- Does the applicant/organization have a demonstrated track record of running an established center that includes recognized expertise, knowledge of managing such a resource, and appropriate expertise on the specified MPS platform(s)?

- Are the different aspects of the resource adequately described?

- Does the MPS Resource Section utilize state of the art technologies and resources to improve the design and qualification of the MPS models?

- Does the application address evaluation of operational mechanisms, a continuous process to improve programs, and implementation of improvement plans of the resource's procedures and programs?

Review Criteria for the MPS Qualification Section

Reviewers will consider each of the review criteria below in the determination of scientific merit and provide an overall impact score for the MPS Qualification Section. An application does not need to be strong in all categories to be judged likely to have major scientific impact.

- Are there detailed plans describing the proposed research and how this will enhance the Center goals and activities?

- Will the proposed research likely to lead to the qualification and community adoption of MPS platform(s)?

- Are the validation plans (analytical and clinical) appropriate for the proposed research?

- Are the research projects adequately developed and appropriate to improve and support the methods and technologies used to evaluate and qualify the MPS models?

- How sound is the scientific rationale for the MPS Qualification Section to leverage the MPS Resources Section?

- Will the biomedical community benefit from the research projects being proposed?

- Will the proposed MPS platform, research protocols and results be accessible to the research community?

- Are the plans for functional assays and SOPs for evaluation of MPS models in specific context-of-use described adequately to achieve the goals? Does the application include evidence of experience with the relevant techniques?

- Do the plans for the development of functional assays and SOPs for the tests allow conduct of comparative analysis of the MPS platforms with current "gold standards"?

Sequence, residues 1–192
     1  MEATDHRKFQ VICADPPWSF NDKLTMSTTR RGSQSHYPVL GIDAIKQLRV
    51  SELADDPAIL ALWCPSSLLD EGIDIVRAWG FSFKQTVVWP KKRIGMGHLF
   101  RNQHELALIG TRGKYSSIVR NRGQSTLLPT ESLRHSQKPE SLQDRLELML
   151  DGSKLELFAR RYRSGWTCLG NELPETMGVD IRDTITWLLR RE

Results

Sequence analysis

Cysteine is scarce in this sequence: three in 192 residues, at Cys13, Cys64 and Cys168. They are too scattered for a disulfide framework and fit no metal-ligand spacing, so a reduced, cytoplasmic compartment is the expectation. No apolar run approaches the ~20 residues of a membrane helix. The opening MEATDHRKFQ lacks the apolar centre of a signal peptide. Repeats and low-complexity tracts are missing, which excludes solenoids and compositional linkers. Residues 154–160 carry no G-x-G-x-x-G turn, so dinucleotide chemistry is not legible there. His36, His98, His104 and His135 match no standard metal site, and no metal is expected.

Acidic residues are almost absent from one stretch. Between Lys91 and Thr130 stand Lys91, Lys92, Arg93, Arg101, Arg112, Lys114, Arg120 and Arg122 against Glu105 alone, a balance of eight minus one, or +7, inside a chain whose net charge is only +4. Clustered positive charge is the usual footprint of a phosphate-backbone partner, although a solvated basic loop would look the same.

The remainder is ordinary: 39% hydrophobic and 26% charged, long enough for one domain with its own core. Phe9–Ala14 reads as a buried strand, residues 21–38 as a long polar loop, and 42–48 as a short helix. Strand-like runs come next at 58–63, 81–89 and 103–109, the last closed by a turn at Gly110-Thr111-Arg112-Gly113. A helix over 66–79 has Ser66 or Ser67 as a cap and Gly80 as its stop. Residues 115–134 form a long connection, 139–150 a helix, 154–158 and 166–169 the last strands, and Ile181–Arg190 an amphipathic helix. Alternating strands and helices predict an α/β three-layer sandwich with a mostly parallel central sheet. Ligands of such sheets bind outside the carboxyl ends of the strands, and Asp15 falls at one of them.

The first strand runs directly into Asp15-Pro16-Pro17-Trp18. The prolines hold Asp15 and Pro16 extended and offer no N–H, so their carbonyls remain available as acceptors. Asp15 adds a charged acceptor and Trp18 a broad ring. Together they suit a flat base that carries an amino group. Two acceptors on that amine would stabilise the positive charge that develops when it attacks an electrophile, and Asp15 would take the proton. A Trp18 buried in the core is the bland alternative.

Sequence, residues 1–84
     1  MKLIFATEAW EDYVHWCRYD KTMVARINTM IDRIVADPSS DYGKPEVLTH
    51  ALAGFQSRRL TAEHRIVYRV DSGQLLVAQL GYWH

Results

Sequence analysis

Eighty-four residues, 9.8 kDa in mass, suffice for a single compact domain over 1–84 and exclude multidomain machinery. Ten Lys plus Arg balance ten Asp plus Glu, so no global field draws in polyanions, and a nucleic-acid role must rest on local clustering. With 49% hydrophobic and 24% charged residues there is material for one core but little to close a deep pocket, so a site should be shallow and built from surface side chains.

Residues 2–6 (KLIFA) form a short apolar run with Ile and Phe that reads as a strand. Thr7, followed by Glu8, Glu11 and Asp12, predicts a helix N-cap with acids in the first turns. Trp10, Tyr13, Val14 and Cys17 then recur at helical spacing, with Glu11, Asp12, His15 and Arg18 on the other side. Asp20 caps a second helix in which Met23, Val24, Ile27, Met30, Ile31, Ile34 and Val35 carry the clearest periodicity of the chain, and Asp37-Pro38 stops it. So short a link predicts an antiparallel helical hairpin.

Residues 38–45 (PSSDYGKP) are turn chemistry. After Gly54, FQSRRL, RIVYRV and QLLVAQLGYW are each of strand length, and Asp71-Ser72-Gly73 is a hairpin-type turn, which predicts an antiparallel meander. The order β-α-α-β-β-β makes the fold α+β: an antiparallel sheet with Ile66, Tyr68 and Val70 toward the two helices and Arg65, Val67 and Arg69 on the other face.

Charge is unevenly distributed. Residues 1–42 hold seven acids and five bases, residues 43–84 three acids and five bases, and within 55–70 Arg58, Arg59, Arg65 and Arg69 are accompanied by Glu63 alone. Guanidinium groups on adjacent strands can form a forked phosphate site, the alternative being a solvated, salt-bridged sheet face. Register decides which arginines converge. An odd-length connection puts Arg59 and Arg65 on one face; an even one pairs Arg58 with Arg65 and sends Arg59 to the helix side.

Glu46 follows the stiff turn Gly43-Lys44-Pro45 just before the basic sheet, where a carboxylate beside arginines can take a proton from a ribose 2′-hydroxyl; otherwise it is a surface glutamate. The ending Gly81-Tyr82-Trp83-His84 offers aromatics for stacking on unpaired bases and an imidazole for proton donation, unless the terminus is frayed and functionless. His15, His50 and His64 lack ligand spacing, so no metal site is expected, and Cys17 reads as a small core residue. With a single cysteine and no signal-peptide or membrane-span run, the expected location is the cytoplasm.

- Are plans adequate for collaboration with other components of the program and sufficient to design and improve the whole network operations and implement protocols?

- Are experimental details and methods to validate the results and alternative strategies, if not successful at first, presented?

- Are plans described to increase the rigor and reproducibility of the outcomes and approaches?

- Are a timeline and milestones provided and reasonable?

Protections for Human Subjects

For research that involves human subjects but does not involve one of the categories of research that are exempt under 45 CFR Part 46, the committee will evaluate the justification for involvement of human subjects and the proposed protections from research risk relating to their participation according to the following five review criteria: 1) risk to subjects, 2) adequacy of protection against risks, 3) potential benefits to the subjects and others, 4) importance of the knowledge to be gained, and 5) data and safety monitoring for clinical trials.

For research that involves human subjects and meets the criteria for one or more of the categories of research that are exempt under 45 CFR Part 46, the committee will evaluate: 1) the justification for the exemption, 2) human subjects involvement and characteristics, and 3) sources of materials. For additional information on review of the Human Subjects section, please refer to the Guidelines for the Review of Human Subjects.